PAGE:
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Character And Greatness

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Character and Greatness

Great men do not do great things by accident. If you look at great men like Abraham Lincoln and George Washington, you will find they did not invoke change in our generation by chance, rather, they were driven by an inward need to make things rightÐ'--possessed with a rock-solid character formed from solid values. Abraham Lincoln did not wake up one day and decide to focus his efforts on passing legislation to free the slaves, he was driven by a value system that knew it was not right for a man (or woman) to be forced to serve another without payment or regard. Washington is said to have adopted Charles Moore's "Rules of Civility and Decent Behavior in Company and Conversation." Detailing Washington's recreated rules, the University of Virginia writes: "Washington wrote out a copy of the 110 Rules in his school book when he was about sixteen-years oldÐ'...these maxims were so fully exemplified in George Washington's life that biographers have regarded them as formative influences in the development of his character." Rules such as: "Superfluous complements and all affectation of ceremony are to be avoided, yet where due they are not to be neglected" (no. 25); "Think before you speak" (no. 73); and "Rinse not your Mouth in the Presence of Others" (no. 101)" were lived out by Washington and the foundation of his actions in daily life.

These are more than neat colloquialisms or steps for good behaviorÐ'--these men had a passion for rightness, a continual desire to improve themselves, and the knowledge of the responsibility of their existence. Deep within laid a value system, a personal, ethical philosophy of thinking and conduct. Every thought and action was involuntarily matched against the "rules" written on the heart--to violate the inward law could be deemed sacrilegious.

I have always admired heroesÐ'--great men and women who could stand against immeasurable odds and come out victorious. Those who would risk their lives for another, father a cause and see it through no matter what, or stake their very lives on something they knew to be true. I cannot say my life was built one character principle after another, on the contrary, by the time I was 18 years of age, I did not have a very good outlook on life, nor did I possess a notable character. My life changed however, in 1990 when I met Jesus Christ for the first time in my life. In the past I had known about him, but I never knew him. A hunger developed within meÐ'--a hunger to be right, to think right, to act right, and to do right in every case. The bible became a manual for my life and many of its passages are now my ethical standards. Jesus taught the golden rule, "Do to others as you would have them do to you"Ð'--this scripture, along with others such as: "There is neither Jew nor GreekÐ'...all are one in Jesus Christ," teach that we should not discriminate or think of others more highly than some. The Ten Commandments lay out the very core of my ethics/values system:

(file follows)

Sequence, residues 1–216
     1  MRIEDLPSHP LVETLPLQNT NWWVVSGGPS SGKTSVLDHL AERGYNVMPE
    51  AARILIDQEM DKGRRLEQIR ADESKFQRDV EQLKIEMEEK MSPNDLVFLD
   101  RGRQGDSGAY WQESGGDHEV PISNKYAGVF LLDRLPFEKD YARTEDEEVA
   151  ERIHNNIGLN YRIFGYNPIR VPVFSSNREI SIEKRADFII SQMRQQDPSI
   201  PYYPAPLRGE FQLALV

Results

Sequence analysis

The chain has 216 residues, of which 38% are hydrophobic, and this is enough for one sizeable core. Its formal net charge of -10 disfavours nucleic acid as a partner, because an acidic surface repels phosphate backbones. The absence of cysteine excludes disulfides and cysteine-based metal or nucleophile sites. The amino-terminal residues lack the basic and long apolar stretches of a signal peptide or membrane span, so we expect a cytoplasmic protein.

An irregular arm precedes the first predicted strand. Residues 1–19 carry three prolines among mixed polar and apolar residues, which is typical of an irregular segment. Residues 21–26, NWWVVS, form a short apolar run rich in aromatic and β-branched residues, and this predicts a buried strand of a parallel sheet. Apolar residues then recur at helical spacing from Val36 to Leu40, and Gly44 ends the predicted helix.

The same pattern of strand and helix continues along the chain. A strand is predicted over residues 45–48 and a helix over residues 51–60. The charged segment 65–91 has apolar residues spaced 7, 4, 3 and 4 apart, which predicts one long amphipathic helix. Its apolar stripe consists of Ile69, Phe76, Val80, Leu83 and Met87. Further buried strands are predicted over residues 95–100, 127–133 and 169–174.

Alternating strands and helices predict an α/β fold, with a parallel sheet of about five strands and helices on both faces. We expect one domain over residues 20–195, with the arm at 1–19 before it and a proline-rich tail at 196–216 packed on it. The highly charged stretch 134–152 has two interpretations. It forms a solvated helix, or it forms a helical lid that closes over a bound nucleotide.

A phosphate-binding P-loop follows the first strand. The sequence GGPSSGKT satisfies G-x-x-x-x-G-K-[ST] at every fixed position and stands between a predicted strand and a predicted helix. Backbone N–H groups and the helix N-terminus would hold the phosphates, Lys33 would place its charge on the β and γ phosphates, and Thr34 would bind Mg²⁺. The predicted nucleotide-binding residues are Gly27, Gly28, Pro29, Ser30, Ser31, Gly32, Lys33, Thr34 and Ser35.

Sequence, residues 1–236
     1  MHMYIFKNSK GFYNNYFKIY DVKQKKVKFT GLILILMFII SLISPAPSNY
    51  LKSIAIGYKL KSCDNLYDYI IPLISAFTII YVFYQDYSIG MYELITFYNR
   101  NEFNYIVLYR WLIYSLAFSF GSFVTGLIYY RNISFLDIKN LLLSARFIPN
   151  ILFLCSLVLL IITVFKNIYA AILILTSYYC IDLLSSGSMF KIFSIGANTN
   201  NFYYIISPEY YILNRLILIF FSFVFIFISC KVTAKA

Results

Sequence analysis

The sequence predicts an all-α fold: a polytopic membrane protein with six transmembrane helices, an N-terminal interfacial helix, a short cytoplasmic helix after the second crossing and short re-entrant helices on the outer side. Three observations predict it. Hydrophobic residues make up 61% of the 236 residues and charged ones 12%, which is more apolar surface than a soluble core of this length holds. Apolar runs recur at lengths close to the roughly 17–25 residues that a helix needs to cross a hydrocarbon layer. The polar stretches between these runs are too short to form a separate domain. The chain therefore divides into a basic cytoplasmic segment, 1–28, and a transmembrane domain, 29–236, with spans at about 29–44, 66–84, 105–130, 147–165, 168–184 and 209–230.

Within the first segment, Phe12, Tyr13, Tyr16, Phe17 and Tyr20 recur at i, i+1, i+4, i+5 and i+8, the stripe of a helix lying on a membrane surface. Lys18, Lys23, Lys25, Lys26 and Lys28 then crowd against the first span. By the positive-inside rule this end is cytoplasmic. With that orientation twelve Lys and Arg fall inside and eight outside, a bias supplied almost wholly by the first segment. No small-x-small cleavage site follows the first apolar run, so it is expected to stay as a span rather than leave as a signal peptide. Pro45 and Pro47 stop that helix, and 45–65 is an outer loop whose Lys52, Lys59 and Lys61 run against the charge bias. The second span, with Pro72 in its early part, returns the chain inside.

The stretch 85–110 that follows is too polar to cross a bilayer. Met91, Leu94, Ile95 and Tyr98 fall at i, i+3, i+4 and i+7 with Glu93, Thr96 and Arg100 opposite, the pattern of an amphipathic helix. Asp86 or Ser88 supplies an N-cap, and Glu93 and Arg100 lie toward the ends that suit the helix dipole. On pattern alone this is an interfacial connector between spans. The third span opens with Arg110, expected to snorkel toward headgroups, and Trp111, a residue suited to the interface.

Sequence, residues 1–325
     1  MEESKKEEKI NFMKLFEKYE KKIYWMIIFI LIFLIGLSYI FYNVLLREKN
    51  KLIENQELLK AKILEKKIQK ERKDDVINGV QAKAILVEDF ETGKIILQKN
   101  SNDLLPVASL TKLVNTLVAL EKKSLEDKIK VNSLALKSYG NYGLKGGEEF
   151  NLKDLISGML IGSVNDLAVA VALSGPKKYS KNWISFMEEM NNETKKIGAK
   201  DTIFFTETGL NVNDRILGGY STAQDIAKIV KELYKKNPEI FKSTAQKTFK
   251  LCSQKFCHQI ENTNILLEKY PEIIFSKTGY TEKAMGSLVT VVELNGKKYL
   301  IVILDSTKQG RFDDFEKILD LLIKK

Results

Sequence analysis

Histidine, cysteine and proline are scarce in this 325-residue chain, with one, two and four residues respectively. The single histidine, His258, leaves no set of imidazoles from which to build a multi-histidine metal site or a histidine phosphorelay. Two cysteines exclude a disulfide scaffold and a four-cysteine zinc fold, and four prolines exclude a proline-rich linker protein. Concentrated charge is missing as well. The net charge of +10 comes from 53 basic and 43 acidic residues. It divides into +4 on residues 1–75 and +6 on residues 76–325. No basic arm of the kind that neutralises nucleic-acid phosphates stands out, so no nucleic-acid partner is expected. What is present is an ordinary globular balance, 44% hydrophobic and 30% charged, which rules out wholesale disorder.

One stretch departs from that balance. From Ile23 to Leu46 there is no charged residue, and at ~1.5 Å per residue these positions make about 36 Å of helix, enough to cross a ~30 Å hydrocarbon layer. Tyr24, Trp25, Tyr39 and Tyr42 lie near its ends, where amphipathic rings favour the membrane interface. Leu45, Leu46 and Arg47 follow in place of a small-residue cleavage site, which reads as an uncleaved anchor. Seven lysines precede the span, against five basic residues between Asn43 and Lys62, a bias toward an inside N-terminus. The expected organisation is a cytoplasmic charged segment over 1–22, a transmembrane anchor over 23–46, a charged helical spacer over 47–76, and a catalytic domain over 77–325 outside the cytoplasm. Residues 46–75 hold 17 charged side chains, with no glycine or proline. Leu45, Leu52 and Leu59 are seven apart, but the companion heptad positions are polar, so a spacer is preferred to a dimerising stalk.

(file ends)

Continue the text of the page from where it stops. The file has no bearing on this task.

1- Thou shalt have no other gods before me

2- Thou shalt not make unto thee any graven image

3- Thou shalt not take the name of the Lord in vain

4- Remember the Sabbath day to keep it holy

5- Honor your father and your mother that your days may be long upon the earth

6- Thou shalt not murder

7- Thou shalt not commit adultery

8- Thou shalt not steal

9- Thou shalt not bear false witness against thy neighbor

10- Thou shalt not covet your neighbors house, or anything that it thy neighbors

The first three of the Ten Commandments speak of man's relationship with God, while the rest speak of his relationship with his fellow man. Jesus summed up the commandments in Matthew 22:37: "Jesus said unto him, Thou shalt love the Lord thy God with all thy heart, and with all thy soul, and with all thy mind. This is the first and great commandment. And the second [is] like unto it, Thou shalt love thy neighbor as thyself." Jesus went on to say that when you follow these two laws, you fulfill all of the original Ten Commandments.

We have three core values in the Air Force: Integrity First, Service Before Self, and Excellence in all We Do. I wholeheartedly agree with and promote these core values; they fall right in line with my personal value system. Integrity is what you do when no one is looking. It is what I believe Shakespeare meant when he said in Hamlet, "To thine own self be true." I believe



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